A brisk awakening to nature's healing embrace

Friday, November 27, 2009

Jana Lee Frazier finds grace in an awkward setting, and for that peace she gives thanks.

When I first came to this house to heal, it felt like just another exile. It seemed as if I had been sent to this primitive place to serve a prison sentence rather than to get well.

No carpets here, no curtains, a television that cannot get reception, a walk far longer than I am capable of making to the mailbox. This big structure is too costly to heat comfortably, the shower way down in the cellar, the decades-old dryer dilapidated and broken.

Yet yesterday there were clothes to wash, and a rudimentary clothesline beckoned. I had not hung clothes on a rope since I was a young mother. Stringing diapers, eyelet bonnets, baby bibs, an elephant missing an eye and a moose whose antlers had seen better days on a line that moved rhythmically to and fro in a prairie wind. Now I would try again.

It was cold, and there was a bracing breeze that took my breath away as I carried sodden clothes up the rickety stairs to the bleached, blanched deck.

My eyes filled with tears, my chest burned, my arms ached as my stiff fingers struggled to fasten, with splintered wooden pins, just a few of the dripping wet dresses and flowered nightgowns to the tattered cord. I felt the familiar flare of anger like a match struck hard against my heart. Why did everything have to be so difficult for me?

I threw my head back to clear the tears. Above me, the world whirled; I was so dizzy I could barely keep myself from falling. But, oh, I could not believe the deep throbbing hue of the break-your-heart blue in the autumn sky. I stood stock-still, realizing I had not been outside for so long. When did the Earth go gold, glow scarlet, I wondered? Below me, the land fell away to field edged in flaming forest. The trees were on fire.

I found myself kneeling abruptly because my legs would no longer hold me. There were blue jays flying overhead, wearing a bit of heaven on their wings. On the rim of the cup I had placed on the bench, a glossy black wasp was poised to dip into my coffee. And when the white dog came to sit with me, her hair was decorated with a dozen ladybugs. Looking up at the side of the house, I was amazed at the dazzling, pulsating ruby-red mass of them gathered there under the eaves, seeking sanctuary for winter hibernation.

Last night, I was not able to sleep even though I lay there in a pool of starlight, enthralled by the quavering strains of the lullabies I feel certain that the coyotes were singing just for me.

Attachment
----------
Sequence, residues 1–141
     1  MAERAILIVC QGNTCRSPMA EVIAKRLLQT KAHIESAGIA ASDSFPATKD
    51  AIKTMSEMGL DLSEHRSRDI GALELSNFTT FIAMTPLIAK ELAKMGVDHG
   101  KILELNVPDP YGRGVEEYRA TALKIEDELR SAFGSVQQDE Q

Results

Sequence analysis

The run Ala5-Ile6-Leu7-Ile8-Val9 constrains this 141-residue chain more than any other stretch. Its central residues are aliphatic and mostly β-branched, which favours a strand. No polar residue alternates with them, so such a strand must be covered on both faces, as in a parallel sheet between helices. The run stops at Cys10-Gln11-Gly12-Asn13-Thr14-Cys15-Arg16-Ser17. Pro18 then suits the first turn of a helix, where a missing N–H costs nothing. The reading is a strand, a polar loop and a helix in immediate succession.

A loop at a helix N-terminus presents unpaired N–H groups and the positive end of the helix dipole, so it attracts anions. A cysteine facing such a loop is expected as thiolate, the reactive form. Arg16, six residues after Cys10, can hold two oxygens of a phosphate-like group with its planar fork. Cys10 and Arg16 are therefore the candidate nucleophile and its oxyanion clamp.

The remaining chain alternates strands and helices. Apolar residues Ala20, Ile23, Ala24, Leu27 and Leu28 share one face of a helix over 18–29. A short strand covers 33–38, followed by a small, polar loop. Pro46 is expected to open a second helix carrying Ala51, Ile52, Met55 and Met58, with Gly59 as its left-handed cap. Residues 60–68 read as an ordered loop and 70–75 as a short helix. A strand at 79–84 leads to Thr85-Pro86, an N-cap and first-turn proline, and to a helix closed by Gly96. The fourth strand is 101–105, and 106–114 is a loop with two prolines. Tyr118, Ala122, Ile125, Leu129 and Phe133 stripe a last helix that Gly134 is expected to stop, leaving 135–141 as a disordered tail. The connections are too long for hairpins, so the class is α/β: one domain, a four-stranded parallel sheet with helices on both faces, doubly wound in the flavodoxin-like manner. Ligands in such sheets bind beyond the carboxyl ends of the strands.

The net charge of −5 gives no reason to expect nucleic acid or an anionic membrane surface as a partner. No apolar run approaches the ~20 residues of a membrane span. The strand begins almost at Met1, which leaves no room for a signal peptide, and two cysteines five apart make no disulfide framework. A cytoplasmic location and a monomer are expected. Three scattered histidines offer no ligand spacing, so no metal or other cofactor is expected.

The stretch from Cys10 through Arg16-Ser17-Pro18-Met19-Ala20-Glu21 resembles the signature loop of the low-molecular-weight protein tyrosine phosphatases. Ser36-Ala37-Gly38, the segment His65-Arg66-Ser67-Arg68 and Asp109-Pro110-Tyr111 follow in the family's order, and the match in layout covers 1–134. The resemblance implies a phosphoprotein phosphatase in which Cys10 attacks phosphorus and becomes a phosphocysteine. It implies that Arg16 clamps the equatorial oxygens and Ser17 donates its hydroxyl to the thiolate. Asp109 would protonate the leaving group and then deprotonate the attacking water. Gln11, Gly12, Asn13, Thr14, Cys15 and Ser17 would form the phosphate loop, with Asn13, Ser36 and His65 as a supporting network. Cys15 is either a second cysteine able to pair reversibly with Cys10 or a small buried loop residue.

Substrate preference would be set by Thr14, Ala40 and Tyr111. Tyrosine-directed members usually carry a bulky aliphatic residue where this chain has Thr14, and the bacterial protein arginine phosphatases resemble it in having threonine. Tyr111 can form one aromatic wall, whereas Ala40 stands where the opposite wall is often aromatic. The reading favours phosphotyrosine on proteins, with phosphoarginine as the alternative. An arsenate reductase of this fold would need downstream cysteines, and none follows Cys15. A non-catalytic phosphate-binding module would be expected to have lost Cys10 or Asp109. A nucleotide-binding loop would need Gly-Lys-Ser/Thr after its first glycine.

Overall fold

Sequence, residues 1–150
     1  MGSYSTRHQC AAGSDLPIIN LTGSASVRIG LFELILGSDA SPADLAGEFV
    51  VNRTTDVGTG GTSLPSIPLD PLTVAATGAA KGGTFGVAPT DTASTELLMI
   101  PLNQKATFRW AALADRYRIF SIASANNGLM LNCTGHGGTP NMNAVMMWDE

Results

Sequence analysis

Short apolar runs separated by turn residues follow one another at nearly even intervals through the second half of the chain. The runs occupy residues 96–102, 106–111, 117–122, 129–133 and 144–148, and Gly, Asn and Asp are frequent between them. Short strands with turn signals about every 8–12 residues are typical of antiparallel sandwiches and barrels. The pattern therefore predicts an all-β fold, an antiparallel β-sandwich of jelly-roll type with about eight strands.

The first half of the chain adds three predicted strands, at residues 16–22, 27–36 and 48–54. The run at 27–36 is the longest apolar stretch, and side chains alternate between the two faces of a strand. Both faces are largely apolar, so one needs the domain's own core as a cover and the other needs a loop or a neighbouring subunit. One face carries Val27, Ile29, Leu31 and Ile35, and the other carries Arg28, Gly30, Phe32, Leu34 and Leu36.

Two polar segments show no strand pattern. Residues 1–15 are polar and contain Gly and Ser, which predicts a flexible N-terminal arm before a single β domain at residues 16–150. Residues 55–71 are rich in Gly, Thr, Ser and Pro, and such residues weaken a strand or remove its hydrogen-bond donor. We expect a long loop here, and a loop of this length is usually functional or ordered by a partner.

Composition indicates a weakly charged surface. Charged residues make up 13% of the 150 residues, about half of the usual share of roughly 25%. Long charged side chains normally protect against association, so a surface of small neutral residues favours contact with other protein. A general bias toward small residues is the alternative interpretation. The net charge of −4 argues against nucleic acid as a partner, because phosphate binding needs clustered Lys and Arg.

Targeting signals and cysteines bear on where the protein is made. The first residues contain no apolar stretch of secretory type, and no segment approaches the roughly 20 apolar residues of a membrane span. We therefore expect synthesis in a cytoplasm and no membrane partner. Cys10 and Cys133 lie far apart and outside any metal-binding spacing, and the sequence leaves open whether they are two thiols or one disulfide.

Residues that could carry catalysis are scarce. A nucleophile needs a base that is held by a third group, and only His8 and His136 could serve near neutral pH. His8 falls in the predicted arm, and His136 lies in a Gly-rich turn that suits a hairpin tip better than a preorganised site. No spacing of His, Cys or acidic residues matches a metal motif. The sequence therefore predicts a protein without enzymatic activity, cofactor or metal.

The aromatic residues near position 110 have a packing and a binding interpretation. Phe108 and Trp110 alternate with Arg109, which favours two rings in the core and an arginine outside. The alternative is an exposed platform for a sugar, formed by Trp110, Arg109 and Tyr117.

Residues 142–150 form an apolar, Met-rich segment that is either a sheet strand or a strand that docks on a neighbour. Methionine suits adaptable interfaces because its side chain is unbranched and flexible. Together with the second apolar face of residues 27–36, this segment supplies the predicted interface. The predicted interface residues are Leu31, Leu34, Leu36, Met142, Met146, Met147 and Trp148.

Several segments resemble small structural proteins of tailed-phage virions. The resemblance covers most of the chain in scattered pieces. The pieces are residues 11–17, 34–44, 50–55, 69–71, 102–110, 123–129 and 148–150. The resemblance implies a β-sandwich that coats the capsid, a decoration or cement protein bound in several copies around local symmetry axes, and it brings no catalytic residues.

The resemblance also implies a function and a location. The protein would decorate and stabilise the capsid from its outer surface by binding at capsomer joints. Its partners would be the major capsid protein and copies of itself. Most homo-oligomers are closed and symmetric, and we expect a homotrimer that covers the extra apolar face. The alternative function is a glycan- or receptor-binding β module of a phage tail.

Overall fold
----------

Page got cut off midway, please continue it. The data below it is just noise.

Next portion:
Rather than counting sheep, toward dawn I was still busy tracking those stars through the window above the bed. And I could see from the corner of my eye the white dog watching something outside, beyond the sliding doors that lead to the balcony.

Suddenly I realized what she was waiting for, and we went together, oh so quietly down the stairs, out to the place by the basement door where I had noticed the day before, all the high lacy weeds tamped down and woven through with dusky fur. These were beds that deer had just abandoned. We sat there silently, side by side, my bare feet snug against her velvet belly. I imagined I could still feel the fresh warmth from the bodies of those does that now walked slowly toward a small twisted tree to eat the glazed green apples that had fallen in the wind. In the lurid light of the overly ripe moon, they moved in and out of the shadows, shattering the crystal frost on the long strands of studded grass, making diamonds in the mist.

It was then, at that moment, when I knew that this house is a blessing. And that maybe it is after all more than just a little bit lucky to be me. And that any place this steeped in grace can be called a home.

-- Jana Lee Frazier,

Silver Spring

BEHIND THE WHEEL: If there's anything we all can agree on, it's that we spend too much time behind the wheel. Share your stories of the road: humorous moments, the dark side, the frustrations. Send them to pagethree@washpost.com. Include your name and where you live.

© 2009 The Washington Post Company